On Friday afternoons there were public concerts at the Memorial Terrace overlooking the lake, and every Saturday morning was the Farmer’s Market at the Capital Square featuring local produce and cheeses. I tried Wisconsin cheese curds, both the fresh and the deep-fried variety, and they were delicious. I also spent a lot of time window shopping on State Street, a cute pedestrian street lined with tons of little shops and restaurants, which leads from the university to the Capital Square.
One of my favorite places to hang out was a coffee shop down the street from our apartment complex called Indie Coffee. I went there on Sunday afternoons to catch up on my summer reading list and eat brunch. They had amazing waffles!
4. Participating in public outreach
Outreach is particularly important to me as an aspiring scientist because I think it’s valuable to promote public interest in science and public understanding of science. During my summer in Madison, I had the opportunity to volunteer for a public outreach program called Universe in the Park (UitP).
UitP was created by the Department of Astronomy at UW – Madison to teach the public about astronomy. Every summer they go to state parks throughout Wisconsin (where the sky is dark) and give a short presentation about a topic in astronomy, and then they set up telescopes for the public to view astronomical objects. As a UitP volunteer I got to travel to Wildcat Mountain State Park and show campers at the park what Saturn looks like through a telescope. We could see the rings and some of the larger moons very distinctly. I also answered questions about different stars and constellations, and a few questions about my summer research project. Doing public outreach has helped me learn how to better explain scientific ideas to people that don’t have a background in science.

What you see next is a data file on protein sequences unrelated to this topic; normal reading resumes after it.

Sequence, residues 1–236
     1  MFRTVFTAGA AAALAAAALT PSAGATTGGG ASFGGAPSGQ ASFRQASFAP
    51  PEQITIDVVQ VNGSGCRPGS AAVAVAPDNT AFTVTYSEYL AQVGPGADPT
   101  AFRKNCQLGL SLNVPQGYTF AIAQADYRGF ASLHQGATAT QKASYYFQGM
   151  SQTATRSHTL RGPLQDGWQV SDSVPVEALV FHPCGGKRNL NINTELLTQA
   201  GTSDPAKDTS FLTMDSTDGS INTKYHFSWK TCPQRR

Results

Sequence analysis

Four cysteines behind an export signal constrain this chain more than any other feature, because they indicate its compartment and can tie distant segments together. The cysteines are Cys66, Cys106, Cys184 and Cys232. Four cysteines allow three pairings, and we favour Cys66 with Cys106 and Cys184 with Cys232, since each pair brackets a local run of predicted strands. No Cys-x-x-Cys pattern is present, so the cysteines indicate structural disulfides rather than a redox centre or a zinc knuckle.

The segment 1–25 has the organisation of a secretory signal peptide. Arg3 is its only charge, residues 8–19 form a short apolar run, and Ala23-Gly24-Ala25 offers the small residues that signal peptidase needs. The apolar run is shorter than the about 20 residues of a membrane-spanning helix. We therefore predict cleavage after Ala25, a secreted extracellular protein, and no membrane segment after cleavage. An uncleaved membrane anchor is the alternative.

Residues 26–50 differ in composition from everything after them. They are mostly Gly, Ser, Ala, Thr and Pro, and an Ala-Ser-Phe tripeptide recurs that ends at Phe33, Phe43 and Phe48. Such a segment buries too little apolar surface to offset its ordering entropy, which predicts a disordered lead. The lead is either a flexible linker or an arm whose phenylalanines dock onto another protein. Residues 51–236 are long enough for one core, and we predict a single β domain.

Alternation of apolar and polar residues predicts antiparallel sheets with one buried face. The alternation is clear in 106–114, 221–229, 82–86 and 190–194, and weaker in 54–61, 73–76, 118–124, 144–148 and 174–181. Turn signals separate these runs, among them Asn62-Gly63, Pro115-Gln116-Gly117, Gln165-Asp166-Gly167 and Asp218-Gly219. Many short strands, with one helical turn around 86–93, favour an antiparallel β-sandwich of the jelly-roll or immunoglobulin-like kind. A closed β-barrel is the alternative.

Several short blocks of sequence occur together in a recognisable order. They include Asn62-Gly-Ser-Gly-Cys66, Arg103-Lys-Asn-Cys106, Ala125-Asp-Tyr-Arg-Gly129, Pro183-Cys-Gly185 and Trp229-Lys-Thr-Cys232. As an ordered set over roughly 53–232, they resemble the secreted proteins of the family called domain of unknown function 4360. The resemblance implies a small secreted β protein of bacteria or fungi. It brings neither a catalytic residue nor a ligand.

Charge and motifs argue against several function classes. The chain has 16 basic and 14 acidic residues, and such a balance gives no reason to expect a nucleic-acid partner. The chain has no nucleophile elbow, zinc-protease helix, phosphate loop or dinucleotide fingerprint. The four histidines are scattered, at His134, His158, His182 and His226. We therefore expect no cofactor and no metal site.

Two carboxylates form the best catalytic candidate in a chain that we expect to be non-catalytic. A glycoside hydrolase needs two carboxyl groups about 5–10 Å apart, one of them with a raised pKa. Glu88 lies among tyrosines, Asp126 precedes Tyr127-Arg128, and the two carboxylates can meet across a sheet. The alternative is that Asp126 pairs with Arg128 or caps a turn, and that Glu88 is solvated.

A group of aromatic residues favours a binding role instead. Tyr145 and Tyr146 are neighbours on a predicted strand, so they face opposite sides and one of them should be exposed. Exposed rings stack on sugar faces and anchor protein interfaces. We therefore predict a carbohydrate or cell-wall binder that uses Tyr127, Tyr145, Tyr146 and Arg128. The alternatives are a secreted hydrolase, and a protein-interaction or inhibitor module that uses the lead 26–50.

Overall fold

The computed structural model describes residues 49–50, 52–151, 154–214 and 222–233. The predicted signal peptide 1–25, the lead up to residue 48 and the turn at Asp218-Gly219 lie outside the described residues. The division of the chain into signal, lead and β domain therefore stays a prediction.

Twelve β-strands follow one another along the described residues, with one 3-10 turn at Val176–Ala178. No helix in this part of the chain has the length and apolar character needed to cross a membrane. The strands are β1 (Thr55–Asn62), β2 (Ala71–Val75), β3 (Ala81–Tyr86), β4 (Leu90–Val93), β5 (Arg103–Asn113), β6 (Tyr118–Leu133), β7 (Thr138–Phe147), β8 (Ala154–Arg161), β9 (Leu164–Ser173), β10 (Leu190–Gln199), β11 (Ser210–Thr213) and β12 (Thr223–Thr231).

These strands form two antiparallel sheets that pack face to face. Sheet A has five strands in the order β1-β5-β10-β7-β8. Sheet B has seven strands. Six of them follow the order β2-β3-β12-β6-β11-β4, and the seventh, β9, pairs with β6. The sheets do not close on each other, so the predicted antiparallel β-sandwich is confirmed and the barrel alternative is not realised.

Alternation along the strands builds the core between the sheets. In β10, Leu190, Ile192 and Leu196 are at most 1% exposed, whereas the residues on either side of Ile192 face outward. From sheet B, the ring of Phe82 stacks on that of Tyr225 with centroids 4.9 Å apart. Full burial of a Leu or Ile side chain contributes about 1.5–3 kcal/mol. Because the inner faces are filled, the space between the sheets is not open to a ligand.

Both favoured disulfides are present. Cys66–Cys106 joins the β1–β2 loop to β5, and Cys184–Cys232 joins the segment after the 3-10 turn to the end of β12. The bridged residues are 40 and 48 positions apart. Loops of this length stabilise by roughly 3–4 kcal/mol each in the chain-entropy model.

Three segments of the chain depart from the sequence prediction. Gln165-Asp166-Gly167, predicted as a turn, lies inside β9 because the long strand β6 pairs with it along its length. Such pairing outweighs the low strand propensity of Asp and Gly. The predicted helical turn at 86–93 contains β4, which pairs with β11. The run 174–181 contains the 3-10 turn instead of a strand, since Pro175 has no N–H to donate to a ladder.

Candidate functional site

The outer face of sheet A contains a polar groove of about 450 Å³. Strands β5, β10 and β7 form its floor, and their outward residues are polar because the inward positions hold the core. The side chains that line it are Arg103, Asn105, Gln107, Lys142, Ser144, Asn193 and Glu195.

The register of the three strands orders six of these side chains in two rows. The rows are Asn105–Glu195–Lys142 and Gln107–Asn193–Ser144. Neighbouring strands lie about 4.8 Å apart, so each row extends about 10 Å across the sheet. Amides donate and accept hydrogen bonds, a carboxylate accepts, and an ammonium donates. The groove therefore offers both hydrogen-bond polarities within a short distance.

5. Getting to know the scientists at UW – Madison
Everyone in the Department of Astronomy at UW – Madison went out of their way to get to know us and make us feel welcome over the summer. My research mentor, Dr. Britt Lundgren, was exceptionally nice and approachable, and I loved working with her. She gave me tons of advice about my research and about my career path, and was always helpful when I ran into problems with my project. The graduate students invited us to their social events and gave us advice about preparing for graduate school, and the other professors and scientists gave us advice about research and the job outlook in astronomy. It gave me a positive outlook on the culture of the field to experience how friendly and welcoming everyone was. I’m very grateful to the Department of Astronomy at the University of Wisconsin – Madison for hosting me this summer, and for making my experience both fun and a valuable learning experience.
About Brittney Curtis
I am in my fourth year as an undergraduate studying physics and astronomy at The Ohio State University. I grew up in the beautiful coastal mountains of Oregon but moved to the midwest for college. Outside of class, I serve as President of the Society of Physics Students and Vice President of the Astronomical Society at OSU. I also love to read science fiction in my spare time. After I graduate from Ohio State, I plan to work towards a PhD in astronomy. Feel free to contact me by leaving a comment!